5 Healthy Grilling Tips

Healthy Grilling Tips

Hot weather and outdoor living means firing up the outdoor grill in many homes. Yet, before you throw that burger or steak on the barbecue, be aware research has shown that turning up the heat on meat can cause potentially cancer-causing substances to form.

Meats contain several harmful elements including animal protein, arachidonic acid and heme iron. When grilled or even cooked at high temperatures, carcinogenic compounds are also formed.

Meat-related carcinogens

Formed in meats cooked at high temperatures

  • Heterocyclic amines (HCAs) – formed in hamburger, steak, chicken, and fish as a reaction between creatinine amino acids and glucose. Higher temperatures and longer cooking times increases HCA production
  • Polycyclic aromatic hydrocarbons (PAHs) – formed from flames and smoke; when meat juices drip and flame hits meat
  • N-nitroso compounds (NOCs) – formed in the stomach from nitrate/nitrite preservatives, found in processed meats

 

To minimize these harms, limit your portions consistent with a Nutritarian diet. Use only small amounts of meat mixed in with a bean burger and some mushrooms and onion. The phytates in the beans sop up the hydroxyl radicals and excess iron from the meat, reducing its toxicity. Also, anti-cancer foods like onions, garlic and cruciferous vegetables may help the body detoxify some of the HCAs.

Processed meats, such as hot dogs and sausages, should be completely avoided. NOCs are potent carcinogens. There is convincing evidence that processed meats (and red meats) are a cause of colorectal cancers, and high intake of processed meat is also associated with heart disease, stroke, and diabetes.

Fortunately, you don’t have to throw away your grill. Marinated vegetables, mushroom and bean burgers are safe and delicious choices. For those who choose to grill meat, do it with caution and only do it occasionally.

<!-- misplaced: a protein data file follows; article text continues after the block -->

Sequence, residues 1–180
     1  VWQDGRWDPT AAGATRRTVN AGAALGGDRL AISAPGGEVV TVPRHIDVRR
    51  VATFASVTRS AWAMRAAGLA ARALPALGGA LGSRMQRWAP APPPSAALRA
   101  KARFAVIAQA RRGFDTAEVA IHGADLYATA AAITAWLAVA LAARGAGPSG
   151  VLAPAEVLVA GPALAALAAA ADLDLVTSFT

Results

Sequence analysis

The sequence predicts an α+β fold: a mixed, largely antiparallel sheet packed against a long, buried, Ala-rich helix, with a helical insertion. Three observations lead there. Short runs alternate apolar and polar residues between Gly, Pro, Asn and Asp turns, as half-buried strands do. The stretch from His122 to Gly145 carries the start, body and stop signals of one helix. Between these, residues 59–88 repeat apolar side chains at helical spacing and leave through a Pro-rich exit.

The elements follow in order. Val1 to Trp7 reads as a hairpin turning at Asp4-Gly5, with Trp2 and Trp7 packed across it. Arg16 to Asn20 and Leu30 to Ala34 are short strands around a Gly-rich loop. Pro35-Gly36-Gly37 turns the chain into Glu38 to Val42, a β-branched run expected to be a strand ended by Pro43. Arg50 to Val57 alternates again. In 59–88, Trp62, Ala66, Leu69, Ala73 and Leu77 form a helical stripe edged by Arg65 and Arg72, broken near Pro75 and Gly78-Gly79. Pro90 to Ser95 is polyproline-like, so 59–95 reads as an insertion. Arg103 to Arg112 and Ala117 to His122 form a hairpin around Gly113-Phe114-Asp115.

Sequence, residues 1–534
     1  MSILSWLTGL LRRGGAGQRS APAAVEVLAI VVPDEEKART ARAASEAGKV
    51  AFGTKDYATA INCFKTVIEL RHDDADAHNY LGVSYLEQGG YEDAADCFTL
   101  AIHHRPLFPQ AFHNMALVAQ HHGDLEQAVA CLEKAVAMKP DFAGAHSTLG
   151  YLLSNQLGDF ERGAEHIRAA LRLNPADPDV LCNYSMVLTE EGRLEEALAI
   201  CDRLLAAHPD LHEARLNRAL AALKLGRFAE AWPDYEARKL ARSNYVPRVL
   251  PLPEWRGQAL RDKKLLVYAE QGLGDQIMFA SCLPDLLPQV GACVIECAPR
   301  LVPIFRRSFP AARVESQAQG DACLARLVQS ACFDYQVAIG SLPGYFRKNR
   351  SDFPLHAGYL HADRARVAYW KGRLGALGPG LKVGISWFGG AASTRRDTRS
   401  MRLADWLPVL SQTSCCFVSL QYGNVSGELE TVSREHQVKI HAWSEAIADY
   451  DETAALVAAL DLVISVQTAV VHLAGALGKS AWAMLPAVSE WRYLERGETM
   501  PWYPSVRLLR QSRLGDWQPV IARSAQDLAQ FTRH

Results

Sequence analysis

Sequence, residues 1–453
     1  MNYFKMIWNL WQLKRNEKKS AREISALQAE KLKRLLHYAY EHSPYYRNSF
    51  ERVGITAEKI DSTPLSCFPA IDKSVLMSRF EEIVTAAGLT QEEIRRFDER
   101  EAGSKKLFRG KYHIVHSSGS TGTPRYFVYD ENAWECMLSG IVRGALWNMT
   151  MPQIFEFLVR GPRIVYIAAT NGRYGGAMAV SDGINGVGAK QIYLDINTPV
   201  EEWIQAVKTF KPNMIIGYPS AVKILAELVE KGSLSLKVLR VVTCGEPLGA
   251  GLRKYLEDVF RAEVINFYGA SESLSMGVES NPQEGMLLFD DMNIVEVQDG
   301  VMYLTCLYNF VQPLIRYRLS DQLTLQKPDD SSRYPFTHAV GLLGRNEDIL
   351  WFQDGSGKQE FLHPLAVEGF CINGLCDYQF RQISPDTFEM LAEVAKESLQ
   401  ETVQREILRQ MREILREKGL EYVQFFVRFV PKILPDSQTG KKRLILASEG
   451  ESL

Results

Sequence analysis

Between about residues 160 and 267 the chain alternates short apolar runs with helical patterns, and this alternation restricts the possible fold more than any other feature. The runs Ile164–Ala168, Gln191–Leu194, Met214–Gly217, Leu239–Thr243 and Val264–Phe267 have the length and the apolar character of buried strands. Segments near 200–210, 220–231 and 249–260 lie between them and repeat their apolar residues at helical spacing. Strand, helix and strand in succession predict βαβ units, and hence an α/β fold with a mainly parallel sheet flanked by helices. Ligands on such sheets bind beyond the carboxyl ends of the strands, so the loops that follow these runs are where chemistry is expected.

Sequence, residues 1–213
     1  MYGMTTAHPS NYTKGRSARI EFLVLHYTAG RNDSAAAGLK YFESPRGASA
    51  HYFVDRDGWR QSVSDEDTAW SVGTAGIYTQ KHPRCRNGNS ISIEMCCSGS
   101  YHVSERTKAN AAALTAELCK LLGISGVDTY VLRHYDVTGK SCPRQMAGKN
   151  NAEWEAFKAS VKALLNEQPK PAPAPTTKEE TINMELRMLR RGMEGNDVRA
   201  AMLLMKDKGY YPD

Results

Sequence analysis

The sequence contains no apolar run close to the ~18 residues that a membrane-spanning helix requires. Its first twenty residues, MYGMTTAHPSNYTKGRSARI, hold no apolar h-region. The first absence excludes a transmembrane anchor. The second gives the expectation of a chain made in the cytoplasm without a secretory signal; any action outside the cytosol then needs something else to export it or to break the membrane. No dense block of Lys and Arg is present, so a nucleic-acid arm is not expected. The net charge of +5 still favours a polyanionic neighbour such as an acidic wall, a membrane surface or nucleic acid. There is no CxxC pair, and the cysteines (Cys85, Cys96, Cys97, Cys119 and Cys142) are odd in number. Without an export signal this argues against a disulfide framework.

The keys to healthy grilling

Here are five ways to enjoy foods on the grill while reducing your exposure to harmful substances:

  1. Vegetables are especially delicious when grilled. All kinds of vegetables can be grilled and with the warm weather there is a wonderful variety. So make veggies your main dish.Fill a grilling basket with your favorite sliced vegetables, or make vegetable skewers. Mushrooms, onions, garlic, cherry tomatoes, zucchini, and summer squash all combine well, but get creative with your top picks or seasonal harvests. Toss with a little water, balsamic vinegar, and some MatoZest or fresh or dried herbs such as basil, oregano or rosemary for a robust and nutritious dish.
  2. Try blending spices with walnuts and a bit of your favorite vinegar and brush it on the veggies frequently while on the grill. When grilling any starchy vegetables soak or marinate them first in a water-vinegar mix to add to their water content to minimize the production of acrylamide, which is a cooking-related carcinogen formed when starches are cooked at high temperatures.13 Avoid eating the blackened portions of grilled vegetables.
  3. Make your own nutritious veggie burgers. Redefine the meat burger with bean or veggie burgers! Store-bought burgers often have added salt and concentrated soy protein. Try this recipe for Sunny Bean Burgers.
  4. Portabella mushrooms are a delicious and satisfying alternative to burgers. Try marinating in your favorite vinegar, Serve on a toasted whole grain pita with sliced tomato, raw onion and a pesto dressing made from basil, avocado and pine nuts.
  5. Grill corn on the cob in the husk or make party corn cobs by husking, spraying lightly with a mix of extra-virgin olive oil and water, and sprinkling with your favorite herbs. Place on the grill for 6-10 minutes, rotating frequently to minimize browning.

Recent advances in nutritional science show how diets can slow aging and push the envelope of human longevity. Join Dr. Joel Fuhrman at the Art of Living Retreat Center from October 24th-27th, 2019 for Nutritional Excellence to the Rescue, and learn how to resolve food addiction and eat for a longer life.

 

Joel Fuhrman, M.D., is a board-certified family physician, nutritional researcher and six-time New York Times best-selling author. He serves as the President of the Nutritional Research Foundation. Dr. Fuhrman has authored numerous research articles published in medical journals and is on the faculty of Northern Arizona University, Health Science Division. His two most recent books are Eat to Live Quick and Easy Cookbook and Fast Food Genocide.

This article first appeared on DrFuhrman.com, and is reposted with permission from the author.

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